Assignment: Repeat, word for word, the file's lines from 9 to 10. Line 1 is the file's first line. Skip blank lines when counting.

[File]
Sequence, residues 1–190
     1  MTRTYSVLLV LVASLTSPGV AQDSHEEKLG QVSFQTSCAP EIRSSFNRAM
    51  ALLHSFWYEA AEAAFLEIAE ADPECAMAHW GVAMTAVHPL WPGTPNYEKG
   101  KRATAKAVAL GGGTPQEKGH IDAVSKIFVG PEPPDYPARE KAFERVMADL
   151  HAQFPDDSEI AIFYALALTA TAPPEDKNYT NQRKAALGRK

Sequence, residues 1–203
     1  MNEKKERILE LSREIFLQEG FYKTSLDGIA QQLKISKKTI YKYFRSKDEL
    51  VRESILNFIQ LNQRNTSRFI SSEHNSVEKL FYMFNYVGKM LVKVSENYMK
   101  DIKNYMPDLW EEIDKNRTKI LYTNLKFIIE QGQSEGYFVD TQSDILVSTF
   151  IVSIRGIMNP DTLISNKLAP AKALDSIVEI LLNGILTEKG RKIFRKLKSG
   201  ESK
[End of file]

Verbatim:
   101  DIKNYMPDLW EEIDKNRTKI LYTNLKFIIE QGQSEGYFVD TQSDILVSTF
   151  IVSIRGIMNP DTLISNKLAP AKALDSIVEI LLNGILTEKG RKIFRKLKSG